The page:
IN a speech on immigration in the Wirral, north-west England, on Saturday, Ed Miliband pledged a Labour government would make sure everyone in Britain spoke English.
He said that ‘everyone in Britain should know how to speak English. It is something we should expect from everyone who comes here, especially those who work in public services in public facing roles, and nowhere is that more true than in our NHS . . .
‘So in the future all healthcare professionals will be required to speak English to a sufficient standard so they can care effectively for patients. And we will legislate to give all the healthcare regulators, not just some, clear powers to enforce this rule.’
Claiming it was not ‘prejudiced’ to be concerned about immigration, he said: ‘As prime minister, I will always put working families first and that’s why we’ll have proper controls and rules,’ he said.
He set out five principles to help tackle the issue: ‘Securing our borders; restoring the principle that you contribute before you claim; achieving integration in our communities; ending the undercutting of wages of local workers through the exploitation of migrant workers and rebuilding trust by only making promises we can keep and proposing solutions that will work.’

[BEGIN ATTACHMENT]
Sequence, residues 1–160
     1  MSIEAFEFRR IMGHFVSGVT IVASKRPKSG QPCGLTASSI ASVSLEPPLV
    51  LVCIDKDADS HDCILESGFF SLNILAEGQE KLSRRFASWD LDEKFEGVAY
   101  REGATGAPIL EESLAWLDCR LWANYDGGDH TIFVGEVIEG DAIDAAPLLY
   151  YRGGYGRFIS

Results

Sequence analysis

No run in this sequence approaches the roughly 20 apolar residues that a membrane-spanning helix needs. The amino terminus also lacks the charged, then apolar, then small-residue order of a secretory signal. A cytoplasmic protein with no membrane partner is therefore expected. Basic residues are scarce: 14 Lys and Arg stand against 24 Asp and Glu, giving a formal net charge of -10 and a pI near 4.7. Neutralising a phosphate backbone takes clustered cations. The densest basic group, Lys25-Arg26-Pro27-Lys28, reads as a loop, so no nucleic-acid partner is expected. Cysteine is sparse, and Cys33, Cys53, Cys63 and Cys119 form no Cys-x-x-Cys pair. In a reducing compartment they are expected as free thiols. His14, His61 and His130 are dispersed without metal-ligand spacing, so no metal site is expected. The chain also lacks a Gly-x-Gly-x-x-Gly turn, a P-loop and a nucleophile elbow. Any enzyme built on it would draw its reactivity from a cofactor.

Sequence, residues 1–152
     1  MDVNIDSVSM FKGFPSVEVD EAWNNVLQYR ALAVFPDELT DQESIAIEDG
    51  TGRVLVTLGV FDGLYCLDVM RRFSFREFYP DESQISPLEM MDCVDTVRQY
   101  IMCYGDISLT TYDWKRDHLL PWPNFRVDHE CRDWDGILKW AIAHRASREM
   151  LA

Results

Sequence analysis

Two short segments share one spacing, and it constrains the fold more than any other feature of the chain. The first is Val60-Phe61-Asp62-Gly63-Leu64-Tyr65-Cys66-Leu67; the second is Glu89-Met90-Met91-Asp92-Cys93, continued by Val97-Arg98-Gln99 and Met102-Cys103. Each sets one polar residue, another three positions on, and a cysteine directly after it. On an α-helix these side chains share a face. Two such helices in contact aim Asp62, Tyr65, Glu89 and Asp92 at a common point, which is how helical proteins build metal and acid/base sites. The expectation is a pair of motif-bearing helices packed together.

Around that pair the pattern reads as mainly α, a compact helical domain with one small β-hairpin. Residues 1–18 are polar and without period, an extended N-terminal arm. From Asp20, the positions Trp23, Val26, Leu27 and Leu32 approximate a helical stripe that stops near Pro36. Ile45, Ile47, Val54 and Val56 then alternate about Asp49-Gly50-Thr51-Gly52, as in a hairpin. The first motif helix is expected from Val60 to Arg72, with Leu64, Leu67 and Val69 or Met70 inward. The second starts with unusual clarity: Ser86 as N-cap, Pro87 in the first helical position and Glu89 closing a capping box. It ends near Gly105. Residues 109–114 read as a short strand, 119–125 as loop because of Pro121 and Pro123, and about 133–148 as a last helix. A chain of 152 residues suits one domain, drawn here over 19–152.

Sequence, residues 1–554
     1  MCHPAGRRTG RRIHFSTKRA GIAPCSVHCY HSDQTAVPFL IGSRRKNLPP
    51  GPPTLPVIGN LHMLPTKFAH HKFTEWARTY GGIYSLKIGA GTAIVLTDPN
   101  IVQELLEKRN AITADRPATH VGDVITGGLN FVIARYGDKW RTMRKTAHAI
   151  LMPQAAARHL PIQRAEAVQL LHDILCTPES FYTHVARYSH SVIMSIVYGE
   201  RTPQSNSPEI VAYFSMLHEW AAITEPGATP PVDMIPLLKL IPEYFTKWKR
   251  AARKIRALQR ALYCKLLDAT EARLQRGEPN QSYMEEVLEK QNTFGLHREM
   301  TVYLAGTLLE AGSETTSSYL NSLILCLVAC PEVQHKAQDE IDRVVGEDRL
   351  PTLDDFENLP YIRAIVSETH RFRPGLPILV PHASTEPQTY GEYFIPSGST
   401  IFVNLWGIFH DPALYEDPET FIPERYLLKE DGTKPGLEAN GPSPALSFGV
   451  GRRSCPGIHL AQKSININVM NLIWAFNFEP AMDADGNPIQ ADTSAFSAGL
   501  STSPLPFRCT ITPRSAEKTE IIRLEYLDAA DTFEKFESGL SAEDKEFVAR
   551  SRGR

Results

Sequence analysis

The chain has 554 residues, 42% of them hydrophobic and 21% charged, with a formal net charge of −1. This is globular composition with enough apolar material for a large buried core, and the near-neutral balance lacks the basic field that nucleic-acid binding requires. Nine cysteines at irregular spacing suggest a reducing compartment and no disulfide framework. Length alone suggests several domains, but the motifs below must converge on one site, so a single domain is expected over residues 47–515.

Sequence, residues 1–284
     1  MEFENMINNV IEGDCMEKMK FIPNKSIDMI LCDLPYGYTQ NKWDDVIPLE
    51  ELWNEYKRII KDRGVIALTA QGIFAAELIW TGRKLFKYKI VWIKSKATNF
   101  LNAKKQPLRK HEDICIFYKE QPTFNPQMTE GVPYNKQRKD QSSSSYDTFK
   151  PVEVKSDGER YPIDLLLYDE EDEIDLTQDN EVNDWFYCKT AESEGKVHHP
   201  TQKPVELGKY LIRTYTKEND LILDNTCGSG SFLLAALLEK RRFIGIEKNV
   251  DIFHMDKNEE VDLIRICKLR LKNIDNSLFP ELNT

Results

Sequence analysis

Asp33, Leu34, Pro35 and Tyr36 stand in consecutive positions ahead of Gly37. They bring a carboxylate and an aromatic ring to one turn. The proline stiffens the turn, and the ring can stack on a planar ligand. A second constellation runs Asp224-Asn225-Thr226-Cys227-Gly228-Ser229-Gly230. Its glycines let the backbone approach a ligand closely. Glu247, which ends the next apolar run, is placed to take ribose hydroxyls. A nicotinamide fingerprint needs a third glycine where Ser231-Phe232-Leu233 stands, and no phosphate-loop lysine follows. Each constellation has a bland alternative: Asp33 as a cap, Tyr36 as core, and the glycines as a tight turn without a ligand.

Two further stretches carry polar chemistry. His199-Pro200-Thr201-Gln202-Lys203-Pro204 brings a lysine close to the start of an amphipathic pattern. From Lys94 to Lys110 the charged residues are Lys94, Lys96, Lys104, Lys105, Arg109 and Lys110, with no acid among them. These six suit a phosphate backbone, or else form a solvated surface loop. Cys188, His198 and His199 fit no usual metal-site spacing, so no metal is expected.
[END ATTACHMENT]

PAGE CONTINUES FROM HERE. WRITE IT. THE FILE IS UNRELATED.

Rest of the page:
Miliband said a Labour government will establish a special Home Office Enforcement Unit with more than 100 staff to root out the illegal exploitation which undercuts wages and conditions for local workers.
On Sunday he was appealing to ‘one nation’ Tories. In an interview with the Observer, Miliband said Labour is now a party of ‘fiscal discipline’ and social conscience that would tackle inequality and keep the UK firmly at the heart of Europe.
He said: ‘I am a politician of the Left, but I am positioned where the mainstream of politics is positioned. I am on the centre ground of politics.’
Describing Cameron as ‘ideologically beached’ and with no answers about how to tackle inequality, Miliband added: ‘I want to reach out to Tory voters, to Liberal Democrat voters, to UKIP voters, to non-voters . . . to people who feel that David Cameron can’t answer the challenge of our time, who worry about our place in the European Union, who really think to themselves, “we can do a lot better as a country”.’
Asked what he could offer Tories worried about the rightward drift of their party, Miliband said: ‘Who is going to stand up to tax avoidance? Who is going to stand up to energy companies? Who is going to stand up to banks? That is absolutely something I think will appeal to Tory voters.’